CHICAGO (Legal Newsline) - Illinois Attorney General Lisa Madigan sent a letter to the Federal Housing Finance Agency on Tuesday demanding that a proposal that would unfairly penalize Illinois borrowers by adding higher fees on new mortgages sold in the state be abandoned.

Madigan and the attorneys general from New York and Connecticut, in a letter to acting FHFA Director Edward J. Demarco, said that the agency's proposal targets higher fees on borrowers living in Illinois and four other states with critical legal protections meant to safeguard homeowners in foreclosure.

The FHFA, which oversees Fannie Mae and Freddie Mac, claims that additional fees on borrowers who live in Illinois, Connecticut, Florida, New Jersey and New York are necessary because legal protections in the states supposedly result in higher costs to Fannie Mae and Freddie Mac during the foreclosure process. The FHFA's proposal says that the higher fees on borrowers would be eliminated if state lawmakers would roll back the legal protections.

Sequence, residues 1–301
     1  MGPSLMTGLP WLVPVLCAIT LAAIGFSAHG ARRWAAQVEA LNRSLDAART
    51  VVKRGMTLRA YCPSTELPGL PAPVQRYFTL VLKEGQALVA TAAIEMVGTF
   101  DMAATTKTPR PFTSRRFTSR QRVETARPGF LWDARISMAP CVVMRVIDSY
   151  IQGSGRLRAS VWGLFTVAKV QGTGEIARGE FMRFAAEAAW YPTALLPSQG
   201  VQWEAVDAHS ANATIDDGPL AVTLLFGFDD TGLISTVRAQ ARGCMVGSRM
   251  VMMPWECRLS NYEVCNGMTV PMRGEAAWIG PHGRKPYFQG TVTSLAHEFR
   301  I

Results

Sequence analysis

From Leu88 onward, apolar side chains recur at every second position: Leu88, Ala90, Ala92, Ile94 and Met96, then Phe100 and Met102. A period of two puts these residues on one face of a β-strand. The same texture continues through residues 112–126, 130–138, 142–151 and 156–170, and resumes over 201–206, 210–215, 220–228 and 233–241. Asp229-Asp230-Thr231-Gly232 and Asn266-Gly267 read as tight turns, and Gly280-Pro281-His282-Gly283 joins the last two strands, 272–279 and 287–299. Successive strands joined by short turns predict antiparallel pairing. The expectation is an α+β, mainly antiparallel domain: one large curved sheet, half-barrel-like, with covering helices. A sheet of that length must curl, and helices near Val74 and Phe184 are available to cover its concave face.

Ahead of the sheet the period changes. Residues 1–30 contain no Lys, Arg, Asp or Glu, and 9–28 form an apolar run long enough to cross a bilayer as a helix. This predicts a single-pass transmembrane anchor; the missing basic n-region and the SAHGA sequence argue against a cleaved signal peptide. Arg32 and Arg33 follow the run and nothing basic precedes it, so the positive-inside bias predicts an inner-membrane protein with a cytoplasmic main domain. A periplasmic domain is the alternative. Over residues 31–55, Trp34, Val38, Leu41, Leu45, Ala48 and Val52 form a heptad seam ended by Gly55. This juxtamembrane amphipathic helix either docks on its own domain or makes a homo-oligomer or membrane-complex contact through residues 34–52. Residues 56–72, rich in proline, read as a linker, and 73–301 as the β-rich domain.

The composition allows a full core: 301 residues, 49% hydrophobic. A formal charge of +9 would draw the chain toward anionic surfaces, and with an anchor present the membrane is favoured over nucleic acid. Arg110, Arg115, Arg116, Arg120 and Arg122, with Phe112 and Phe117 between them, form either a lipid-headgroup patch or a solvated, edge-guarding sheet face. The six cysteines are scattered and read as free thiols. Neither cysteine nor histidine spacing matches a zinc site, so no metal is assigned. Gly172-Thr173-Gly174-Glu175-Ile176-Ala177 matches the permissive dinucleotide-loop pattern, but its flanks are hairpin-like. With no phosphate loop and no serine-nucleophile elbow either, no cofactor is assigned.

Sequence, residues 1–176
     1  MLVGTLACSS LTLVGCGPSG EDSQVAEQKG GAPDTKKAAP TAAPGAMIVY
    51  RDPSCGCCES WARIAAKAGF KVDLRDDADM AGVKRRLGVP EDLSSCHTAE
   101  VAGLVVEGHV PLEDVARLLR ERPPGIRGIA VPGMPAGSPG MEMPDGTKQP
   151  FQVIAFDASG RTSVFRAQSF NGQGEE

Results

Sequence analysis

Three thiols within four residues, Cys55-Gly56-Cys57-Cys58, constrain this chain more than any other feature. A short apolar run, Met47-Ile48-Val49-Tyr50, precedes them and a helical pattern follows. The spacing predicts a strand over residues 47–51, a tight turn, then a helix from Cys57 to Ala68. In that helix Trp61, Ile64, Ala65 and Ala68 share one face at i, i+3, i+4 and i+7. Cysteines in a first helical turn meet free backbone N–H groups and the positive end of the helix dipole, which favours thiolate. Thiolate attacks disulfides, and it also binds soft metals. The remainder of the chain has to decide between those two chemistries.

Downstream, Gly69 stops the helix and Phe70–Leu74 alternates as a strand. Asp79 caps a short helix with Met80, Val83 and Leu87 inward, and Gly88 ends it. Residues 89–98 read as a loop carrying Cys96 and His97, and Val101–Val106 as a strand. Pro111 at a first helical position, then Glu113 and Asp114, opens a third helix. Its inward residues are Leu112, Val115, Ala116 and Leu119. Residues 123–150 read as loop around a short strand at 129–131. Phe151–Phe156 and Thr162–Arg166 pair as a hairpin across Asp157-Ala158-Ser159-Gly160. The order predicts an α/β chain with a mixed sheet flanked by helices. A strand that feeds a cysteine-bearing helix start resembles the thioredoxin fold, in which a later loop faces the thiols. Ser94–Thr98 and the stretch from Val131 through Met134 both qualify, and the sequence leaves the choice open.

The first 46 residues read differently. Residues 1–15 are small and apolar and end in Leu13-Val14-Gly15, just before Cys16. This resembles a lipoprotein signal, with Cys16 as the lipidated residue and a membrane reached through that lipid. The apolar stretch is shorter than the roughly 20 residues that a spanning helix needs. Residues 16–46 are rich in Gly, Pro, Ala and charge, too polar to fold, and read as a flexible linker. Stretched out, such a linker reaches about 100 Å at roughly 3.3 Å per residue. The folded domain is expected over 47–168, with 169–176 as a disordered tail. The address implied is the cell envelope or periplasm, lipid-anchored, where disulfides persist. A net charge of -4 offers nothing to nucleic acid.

Madigan, however, contends that the FHFA's proposal lacks evidence that shows that statutory consumer protections are the main factors of higher foreclosure costs for Fannie and Freddie. The proposal, she alleges, ignores widespread mortgage servicer misconduct during the foreclosure process, which is a known driver of higher foreclosure costs.

The proposal, Madigan said, is no more than a thinly disguised threat to compel the states to accept higher costs for borrowers in their states or dismantle important legal protections entirely.

"If FHFA's proposal is adopted, Illinois homeowners will inevitably pay a steep price - through higher interest rates or diminished legal protections for borrowers," Madigan said. "Either way, it's a lose-lose situation for homeowners."

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